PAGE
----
We now have religious fundamentalist schools redacting parts of science exam papers with which they disagree, a rapid growth of academies without local oversight, radically changed teacher working conditions and pension arrangements, and an untested performance pay system with new head-teacher powers. There are also radically changed exam arrangements, new performance tables, a swelling Maths curriculum, arguments about English and History contents and a minister who seems to be manoeuvring for the party leadership if the Conservatives lose power in the next general election. And there is UKIP making dodgy sounding statistical claims about immigrants, along with the other right wing xenophobic parties getting more shouty all over Europe and America.
On the science side we have the Higgs Boson discovery, badger culls, shale gas extractions, wind turbine fields, the pause in global warming, observations of cosmological chaotic inflation and of quantum gravity waves.
I had originally planned to post to this blog every couple of weeks: that makes me seventy post behind schedule, so it is time to get cracking!
The Sunday Telegraph reported this morning that:
“Stroke victims who are admitted to hospital are far more likely to die if they are treated outside central London, an investigation has found. The NHS statistics show survival rates for stroke victims sent to central London hospitals are 54 per cent higher than for those in some parts of the country.”
Fortunately, the ‘Health Correspondent’ Laura Donnelly has got her statistical knickers in a twist. She goes on to write:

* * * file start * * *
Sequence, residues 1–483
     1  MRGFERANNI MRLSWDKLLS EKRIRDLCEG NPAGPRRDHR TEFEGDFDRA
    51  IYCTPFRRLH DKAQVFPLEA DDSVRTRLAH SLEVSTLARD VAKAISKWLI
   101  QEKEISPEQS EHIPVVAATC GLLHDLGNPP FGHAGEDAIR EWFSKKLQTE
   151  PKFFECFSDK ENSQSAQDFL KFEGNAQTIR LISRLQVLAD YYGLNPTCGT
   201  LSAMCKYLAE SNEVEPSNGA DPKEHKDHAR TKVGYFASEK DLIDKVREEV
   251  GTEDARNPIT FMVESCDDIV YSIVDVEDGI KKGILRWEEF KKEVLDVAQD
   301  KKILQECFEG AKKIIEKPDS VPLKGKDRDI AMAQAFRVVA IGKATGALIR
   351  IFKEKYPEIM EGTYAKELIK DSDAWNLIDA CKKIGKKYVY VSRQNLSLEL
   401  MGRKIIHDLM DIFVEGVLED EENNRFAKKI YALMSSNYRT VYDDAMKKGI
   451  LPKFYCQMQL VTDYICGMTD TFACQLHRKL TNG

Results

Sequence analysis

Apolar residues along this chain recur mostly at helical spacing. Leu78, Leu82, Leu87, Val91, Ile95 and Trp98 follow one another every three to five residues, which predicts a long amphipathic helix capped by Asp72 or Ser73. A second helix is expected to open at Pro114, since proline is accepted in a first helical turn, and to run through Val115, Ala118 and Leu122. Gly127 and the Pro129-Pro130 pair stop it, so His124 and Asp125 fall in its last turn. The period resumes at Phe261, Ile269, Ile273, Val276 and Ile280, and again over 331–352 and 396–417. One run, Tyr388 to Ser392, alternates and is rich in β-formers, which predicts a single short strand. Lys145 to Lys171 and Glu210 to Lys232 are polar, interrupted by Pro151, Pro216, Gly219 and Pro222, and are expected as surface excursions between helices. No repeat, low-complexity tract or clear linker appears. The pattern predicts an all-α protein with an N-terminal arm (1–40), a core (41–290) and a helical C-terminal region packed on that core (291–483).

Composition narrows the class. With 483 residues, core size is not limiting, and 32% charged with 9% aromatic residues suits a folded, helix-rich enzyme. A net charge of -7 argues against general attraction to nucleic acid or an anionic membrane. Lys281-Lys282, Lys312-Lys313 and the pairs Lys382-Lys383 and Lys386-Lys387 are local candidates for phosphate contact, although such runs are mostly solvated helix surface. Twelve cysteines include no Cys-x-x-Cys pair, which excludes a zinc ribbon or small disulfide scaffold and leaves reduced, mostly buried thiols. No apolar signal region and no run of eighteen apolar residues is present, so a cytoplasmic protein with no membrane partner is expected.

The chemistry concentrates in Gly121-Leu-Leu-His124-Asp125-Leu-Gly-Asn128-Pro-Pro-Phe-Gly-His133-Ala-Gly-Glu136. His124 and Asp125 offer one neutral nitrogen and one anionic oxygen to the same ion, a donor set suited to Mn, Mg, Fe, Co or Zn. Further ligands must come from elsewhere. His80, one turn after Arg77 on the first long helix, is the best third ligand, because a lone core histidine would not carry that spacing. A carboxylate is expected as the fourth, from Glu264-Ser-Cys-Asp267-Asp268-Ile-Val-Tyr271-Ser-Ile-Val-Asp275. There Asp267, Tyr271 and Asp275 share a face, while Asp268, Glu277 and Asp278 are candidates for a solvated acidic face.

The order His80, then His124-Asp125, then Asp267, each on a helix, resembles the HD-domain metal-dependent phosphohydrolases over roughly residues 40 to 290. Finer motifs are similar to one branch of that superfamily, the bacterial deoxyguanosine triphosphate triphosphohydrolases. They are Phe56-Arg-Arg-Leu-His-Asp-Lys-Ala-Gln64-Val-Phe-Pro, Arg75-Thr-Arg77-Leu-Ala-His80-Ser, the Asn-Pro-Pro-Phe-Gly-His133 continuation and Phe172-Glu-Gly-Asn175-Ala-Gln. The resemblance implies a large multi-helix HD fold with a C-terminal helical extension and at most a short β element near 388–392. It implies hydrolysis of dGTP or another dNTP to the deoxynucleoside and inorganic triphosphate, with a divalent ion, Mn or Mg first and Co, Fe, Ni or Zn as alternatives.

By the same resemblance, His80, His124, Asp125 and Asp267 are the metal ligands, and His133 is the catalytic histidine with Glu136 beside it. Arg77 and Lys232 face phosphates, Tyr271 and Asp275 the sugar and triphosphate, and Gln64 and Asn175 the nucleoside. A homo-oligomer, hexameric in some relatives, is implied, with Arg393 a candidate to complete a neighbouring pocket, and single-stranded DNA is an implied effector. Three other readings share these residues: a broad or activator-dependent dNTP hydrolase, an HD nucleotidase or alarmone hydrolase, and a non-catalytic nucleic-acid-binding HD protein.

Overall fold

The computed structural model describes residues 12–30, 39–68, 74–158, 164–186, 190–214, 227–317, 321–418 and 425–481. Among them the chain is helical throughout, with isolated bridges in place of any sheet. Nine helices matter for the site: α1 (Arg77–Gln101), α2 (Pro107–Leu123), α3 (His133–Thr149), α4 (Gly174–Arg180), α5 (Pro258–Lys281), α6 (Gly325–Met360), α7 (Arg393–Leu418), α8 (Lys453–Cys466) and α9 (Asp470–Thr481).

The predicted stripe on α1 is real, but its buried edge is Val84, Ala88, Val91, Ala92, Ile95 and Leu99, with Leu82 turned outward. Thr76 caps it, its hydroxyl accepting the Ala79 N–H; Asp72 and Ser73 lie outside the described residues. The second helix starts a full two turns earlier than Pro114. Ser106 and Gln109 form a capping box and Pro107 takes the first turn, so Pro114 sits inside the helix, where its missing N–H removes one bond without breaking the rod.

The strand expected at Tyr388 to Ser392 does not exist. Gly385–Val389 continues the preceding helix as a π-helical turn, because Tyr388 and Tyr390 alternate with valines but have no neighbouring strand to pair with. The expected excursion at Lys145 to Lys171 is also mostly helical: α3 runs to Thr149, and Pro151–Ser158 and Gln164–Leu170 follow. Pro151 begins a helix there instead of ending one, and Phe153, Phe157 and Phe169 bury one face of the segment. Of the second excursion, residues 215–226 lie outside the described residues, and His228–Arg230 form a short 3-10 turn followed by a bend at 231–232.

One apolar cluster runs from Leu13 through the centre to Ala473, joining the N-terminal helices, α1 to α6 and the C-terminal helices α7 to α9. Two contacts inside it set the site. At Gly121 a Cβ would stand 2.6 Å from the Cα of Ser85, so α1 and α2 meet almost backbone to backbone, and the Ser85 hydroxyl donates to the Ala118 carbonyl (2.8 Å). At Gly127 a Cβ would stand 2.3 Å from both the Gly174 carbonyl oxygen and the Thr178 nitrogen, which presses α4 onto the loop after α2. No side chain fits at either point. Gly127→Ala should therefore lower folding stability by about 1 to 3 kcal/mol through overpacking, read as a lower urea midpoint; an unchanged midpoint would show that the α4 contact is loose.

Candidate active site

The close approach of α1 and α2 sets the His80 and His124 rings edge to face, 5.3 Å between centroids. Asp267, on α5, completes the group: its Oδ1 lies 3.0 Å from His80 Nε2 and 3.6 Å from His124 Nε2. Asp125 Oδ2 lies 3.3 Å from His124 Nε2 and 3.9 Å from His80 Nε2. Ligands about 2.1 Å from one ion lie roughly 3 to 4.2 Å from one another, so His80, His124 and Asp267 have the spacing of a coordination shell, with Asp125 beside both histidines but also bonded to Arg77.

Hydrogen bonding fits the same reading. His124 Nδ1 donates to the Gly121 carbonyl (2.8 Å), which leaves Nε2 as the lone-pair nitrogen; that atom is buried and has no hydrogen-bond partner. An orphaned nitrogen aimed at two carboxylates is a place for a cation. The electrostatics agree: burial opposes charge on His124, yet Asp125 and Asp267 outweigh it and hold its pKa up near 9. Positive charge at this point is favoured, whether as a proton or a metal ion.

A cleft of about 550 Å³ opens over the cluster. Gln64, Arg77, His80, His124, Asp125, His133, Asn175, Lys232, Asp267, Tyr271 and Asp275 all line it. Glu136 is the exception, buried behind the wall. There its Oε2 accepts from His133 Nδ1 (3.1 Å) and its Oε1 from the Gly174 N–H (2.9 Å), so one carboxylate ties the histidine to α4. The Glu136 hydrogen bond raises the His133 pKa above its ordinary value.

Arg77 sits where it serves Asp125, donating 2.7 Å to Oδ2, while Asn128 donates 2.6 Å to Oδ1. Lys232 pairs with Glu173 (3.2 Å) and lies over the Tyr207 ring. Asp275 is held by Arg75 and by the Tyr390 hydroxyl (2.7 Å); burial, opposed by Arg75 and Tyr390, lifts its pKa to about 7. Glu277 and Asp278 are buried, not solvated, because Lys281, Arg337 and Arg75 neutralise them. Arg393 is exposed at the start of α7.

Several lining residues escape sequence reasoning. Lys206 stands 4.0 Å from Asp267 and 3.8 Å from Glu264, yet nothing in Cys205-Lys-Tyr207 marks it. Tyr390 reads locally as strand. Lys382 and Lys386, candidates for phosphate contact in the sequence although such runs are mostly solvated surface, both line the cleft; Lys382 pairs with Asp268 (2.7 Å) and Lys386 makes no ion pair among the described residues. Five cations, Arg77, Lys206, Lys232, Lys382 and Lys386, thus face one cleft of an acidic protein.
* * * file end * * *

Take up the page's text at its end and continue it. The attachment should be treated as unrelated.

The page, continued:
“The death rate within 30 days of admission for stroke is 14.6 per cent in the capital’s central sites, according to analysis of the nine years’ data ending 2009 – compared with rates of more than 22 per cent in industrial cities and manufacturing towns”
So, in the poor industrial towns the survival rate is 100% – 22% = 78%. If London is 54% better (154% as good) that makes the survival rate in London 0.78 times 1.54 = 123%. Wow! In London, for every 100 stroke victims taken to hospital, 123 of them survive!
It is the death rate of the industrial towns that is 22% divided by 14.6% = 154%, that is 54% worse. But the vast majority of stroke victims survive, so the survival rate difference is not the same number at all.
Actually, of course the survival rate in London is 100% – 14.6% = 85.4%. The difference in rates is then 85.4% divided by 78% = 109.4%. So London survival is better by a whopping 9.4%.
Not 54%, then.
Never mind, Laura Donnelly, there will be a real scandal along soon if you wish hard enough. Perhaps an introductory high-school statistics text could be put on your Christmas list this year?